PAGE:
On the Banks of Plum CreekBook - 1953 | Newly illustrated, uniform ed
From the critics
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pink_butterfly_2015 thinks this title is suitable for between the ages of 7 and 13
blue_ant_993 thinks this title is suitable for between the ages of 8 and 12
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While the book makes the dugout seem idyllic, we learned when examining the dugout replica at the museum that it was tiny, dark, leaked water and I can only imagine was full of bugs. Dugouts were meant to be temporary housing and not built to last. No wonder Pa decided to build the house before the first wheat crop. No wonder Laura went on and on about china doorknobs and “boughten” doors on hinges and glass windows.
The dugout site is marked with a massive sign which only serves to dwarf the small depression in the top of the creek bank that is the dugout ruins.
After entering the property, you drive back on a gravel road a little ways to the creek. There is a circular area to park your vehicle and the site is well marked and has a number of informational plaques. The closest landmark is the big rock which is disappointing since they aren’t really sure if it is THE big rock described in On the Banks of Plum Creek in addition to it being mostly buried under thick layer of dirt and, when we visited, completely submerged in the creek.
If you can read the sign you can see it’s reported to be location of the dugout ruins, spring, big rock, tablelands and plum thicket. I was most excited to see the dugout ruins though I was also really curious about the tablelands and the big rock.
After spending an hour or so going through the Walnut Grove Laura Ingalls Wilder Museum, we got directions to the dugout site which is described in On the Banks of Plum Creek. It’s located less than 2 miles north of town on a piece of private property that the family has opened up to tourist for a nominal fee paid on the honor system. The story goes that the family purchased the land in the late 1940s and, when improving the property, took down an old dilapidated building that may have been the house that Pa built with lumber he got on credit. Not long after that Little House illustrator Garth Williams came through in search of the Ingall’s house and old dugout site. (See The Walnut Grove Story of Laura Ingalls Wilder for more detailed information.)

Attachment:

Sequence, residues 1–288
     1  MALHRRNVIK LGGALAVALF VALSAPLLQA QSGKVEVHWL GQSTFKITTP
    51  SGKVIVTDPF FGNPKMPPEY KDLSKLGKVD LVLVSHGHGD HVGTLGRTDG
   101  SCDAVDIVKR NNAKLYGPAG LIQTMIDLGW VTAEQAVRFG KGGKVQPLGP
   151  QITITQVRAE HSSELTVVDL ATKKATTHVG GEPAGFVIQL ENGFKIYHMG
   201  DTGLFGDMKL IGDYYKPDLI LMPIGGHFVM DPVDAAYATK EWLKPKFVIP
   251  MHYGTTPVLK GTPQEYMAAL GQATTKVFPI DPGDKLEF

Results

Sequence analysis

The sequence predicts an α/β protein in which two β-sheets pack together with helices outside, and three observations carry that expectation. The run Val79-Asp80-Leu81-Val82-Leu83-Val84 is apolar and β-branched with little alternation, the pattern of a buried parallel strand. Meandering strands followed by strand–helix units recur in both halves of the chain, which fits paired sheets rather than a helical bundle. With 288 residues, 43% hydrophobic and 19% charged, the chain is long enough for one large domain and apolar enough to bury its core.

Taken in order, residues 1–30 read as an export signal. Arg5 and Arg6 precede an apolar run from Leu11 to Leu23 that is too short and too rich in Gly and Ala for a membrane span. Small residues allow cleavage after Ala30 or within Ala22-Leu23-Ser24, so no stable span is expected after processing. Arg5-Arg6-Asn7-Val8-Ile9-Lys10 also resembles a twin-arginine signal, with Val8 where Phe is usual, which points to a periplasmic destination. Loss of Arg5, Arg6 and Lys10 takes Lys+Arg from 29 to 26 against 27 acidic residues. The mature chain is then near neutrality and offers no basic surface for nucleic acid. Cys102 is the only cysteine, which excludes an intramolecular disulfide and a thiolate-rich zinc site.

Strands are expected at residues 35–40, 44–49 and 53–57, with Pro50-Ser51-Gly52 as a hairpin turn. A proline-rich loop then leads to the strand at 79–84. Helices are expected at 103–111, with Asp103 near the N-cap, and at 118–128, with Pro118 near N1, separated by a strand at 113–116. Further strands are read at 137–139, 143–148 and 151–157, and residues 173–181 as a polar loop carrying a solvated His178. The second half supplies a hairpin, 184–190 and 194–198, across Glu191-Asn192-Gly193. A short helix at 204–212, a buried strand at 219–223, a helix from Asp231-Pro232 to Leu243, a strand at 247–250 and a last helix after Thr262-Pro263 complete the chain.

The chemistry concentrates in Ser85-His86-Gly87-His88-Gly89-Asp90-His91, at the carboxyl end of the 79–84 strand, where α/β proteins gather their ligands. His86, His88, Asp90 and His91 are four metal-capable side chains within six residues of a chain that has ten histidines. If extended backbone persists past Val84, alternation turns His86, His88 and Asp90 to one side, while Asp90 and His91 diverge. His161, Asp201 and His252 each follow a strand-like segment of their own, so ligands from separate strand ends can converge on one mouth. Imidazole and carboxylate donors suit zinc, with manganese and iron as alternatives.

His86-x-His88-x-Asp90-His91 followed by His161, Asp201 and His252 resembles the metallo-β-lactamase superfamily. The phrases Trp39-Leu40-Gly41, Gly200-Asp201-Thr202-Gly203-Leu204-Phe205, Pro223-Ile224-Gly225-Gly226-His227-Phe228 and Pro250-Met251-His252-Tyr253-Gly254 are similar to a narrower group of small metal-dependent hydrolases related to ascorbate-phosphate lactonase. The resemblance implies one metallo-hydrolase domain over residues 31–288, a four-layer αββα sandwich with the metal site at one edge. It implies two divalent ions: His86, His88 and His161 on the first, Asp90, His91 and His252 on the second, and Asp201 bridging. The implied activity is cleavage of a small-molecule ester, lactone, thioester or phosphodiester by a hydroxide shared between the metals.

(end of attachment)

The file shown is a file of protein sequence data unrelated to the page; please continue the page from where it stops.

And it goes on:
Then Ma told them something else about Santa Claus. He was everywhere, and besides that, he was all the time. Whenever anyone was unselfish, that was Santa Claus. Christmas Eve was the time when everyone was unselfish. On that one night, Santa Claus was everywhere, because everybody, all together, stopped being selfish and wanted other people to be happy. And in the morning you saw what that had done.
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Having left their little house on the Kansas prairie, the Ingalls family travels by covered wagon to Minnesota and settles in a dugout on the banks of Plum Creek. Pa trades his horses Pet and Patty to the property owner (a man named Hanson, who wants to go west) for the land and crops. He later gets two new horses as Christmas presents for the family, which Laura and her sister Mary name "Sam" and "David". Pa soon builds a new, above-ground, wooden house for the family, trusting that their first crop of wheat will pay for the lumber and materials.
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